Since the American invasions of Afghanistan and Iraq, the U.S. military has built a series of titanic bases, where troops can get Pizza Hut delivered, sip an iced mochaccino, surf the web wirelessly or enter salsa dancing competitions. In my limited experience, these places are greenhouses of ennui and existential angst; the comforts of home only make the residents more despondent.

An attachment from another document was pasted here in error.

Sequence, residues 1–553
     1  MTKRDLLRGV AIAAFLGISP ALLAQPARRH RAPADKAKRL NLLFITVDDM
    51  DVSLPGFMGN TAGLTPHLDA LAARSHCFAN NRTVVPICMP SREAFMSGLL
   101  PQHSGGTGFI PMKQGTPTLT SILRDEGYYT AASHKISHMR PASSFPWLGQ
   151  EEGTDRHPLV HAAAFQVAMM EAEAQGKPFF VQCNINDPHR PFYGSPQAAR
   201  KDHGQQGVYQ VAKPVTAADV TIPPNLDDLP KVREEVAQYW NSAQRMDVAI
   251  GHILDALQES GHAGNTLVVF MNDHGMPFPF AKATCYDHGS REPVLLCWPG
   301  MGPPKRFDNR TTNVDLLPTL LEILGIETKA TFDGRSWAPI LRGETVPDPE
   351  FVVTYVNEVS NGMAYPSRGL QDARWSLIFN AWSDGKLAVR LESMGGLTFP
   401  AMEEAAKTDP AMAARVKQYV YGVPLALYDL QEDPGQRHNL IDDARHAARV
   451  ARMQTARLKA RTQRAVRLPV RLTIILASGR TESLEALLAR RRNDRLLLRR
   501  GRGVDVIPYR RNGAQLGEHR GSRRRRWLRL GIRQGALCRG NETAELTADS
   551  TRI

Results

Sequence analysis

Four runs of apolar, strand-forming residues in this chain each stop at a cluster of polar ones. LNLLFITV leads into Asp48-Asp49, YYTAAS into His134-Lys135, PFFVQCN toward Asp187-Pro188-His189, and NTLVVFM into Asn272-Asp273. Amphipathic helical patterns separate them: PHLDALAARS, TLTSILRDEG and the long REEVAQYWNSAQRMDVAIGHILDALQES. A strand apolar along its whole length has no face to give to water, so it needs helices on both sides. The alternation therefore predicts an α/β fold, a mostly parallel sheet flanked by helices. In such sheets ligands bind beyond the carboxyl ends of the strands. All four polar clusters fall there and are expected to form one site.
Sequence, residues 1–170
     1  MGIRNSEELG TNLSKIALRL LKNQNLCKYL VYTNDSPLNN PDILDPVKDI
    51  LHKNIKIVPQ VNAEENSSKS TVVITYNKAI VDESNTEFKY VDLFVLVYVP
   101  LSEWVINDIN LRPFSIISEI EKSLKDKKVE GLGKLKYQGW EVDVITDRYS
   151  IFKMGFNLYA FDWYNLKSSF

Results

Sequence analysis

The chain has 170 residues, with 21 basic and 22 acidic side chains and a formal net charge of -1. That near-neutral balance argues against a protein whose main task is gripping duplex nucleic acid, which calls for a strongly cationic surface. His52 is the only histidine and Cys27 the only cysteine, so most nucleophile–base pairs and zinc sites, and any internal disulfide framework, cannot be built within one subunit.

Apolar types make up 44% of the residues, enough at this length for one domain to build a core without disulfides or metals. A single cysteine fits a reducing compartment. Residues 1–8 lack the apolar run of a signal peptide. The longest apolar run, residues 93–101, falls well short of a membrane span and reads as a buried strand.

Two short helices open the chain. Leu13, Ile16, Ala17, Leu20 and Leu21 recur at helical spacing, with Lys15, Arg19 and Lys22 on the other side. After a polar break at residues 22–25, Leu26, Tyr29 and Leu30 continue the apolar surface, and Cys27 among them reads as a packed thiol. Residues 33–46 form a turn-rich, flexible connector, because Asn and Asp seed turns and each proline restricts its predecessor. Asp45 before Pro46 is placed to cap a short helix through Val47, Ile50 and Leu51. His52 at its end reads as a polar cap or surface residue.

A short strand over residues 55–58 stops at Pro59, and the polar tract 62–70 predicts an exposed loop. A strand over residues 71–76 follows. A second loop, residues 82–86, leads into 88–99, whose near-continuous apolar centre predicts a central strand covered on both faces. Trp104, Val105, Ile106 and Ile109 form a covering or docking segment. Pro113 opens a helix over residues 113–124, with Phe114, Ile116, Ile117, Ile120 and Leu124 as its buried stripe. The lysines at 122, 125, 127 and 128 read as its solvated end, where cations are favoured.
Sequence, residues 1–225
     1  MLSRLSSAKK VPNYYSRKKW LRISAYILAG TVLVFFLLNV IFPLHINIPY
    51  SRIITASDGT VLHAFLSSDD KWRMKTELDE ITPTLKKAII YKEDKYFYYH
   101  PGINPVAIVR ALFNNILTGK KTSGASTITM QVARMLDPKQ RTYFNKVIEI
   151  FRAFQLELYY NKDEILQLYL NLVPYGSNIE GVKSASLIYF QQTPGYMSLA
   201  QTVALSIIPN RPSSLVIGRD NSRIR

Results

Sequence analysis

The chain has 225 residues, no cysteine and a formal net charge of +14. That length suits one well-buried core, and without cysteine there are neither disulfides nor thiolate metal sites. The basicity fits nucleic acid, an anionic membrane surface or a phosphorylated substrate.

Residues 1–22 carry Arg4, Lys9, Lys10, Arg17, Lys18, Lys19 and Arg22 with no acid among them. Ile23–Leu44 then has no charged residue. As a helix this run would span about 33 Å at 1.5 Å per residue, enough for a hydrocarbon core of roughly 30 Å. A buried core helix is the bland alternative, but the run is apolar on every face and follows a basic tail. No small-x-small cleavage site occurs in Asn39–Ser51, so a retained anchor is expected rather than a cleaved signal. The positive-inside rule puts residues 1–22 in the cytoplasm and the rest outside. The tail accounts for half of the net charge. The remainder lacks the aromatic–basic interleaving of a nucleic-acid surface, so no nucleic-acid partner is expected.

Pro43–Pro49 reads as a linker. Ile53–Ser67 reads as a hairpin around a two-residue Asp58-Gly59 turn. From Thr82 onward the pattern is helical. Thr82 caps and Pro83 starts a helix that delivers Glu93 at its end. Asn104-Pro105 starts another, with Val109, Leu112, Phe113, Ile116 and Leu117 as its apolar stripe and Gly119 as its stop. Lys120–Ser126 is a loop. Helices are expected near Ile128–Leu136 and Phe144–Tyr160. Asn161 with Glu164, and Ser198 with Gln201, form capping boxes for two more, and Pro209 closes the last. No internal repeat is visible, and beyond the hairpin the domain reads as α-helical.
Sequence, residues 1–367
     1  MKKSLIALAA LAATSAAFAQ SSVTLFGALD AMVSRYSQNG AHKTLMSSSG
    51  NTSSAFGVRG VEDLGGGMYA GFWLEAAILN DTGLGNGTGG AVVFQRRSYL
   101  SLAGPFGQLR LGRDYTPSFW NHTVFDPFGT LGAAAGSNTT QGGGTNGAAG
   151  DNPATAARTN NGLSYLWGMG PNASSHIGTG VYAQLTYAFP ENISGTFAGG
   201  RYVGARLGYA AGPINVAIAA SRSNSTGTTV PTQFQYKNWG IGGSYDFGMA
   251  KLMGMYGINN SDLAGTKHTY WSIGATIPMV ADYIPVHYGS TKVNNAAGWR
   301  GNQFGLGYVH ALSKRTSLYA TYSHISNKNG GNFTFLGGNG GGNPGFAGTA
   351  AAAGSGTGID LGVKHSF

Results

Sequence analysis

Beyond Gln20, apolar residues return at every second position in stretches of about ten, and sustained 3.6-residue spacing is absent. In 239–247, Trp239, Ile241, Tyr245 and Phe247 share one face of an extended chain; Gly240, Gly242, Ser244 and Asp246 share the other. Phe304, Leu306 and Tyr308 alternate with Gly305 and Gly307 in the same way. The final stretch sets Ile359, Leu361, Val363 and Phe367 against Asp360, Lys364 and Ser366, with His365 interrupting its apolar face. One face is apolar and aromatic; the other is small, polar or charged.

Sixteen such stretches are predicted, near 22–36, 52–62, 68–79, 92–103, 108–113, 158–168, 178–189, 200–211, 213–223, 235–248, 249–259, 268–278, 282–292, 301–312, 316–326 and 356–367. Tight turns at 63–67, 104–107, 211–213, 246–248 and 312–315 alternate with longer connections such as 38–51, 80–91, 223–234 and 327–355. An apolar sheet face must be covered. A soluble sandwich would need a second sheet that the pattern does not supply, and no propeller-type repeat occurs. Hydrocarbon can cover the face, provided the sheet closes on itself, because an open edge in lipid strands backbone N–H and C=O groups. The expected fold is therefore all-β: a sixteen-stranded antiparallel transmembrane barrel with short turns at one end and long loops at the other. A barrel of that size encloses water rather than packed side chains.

At Echo company’s compound, the only air conditioning is for the computers in the operations center. The shower is a bucket. The toilets consist of a few sandbags and a wooden box, positioned over a hole. And when the Marines here leave the base on patrol, it’s a virtual guarantee that they’ll encounter Taliban trying to kill them. In 57 days here, Echo has received enemy fire on 44 of them. Which, strangely, suits the Marines here just fine.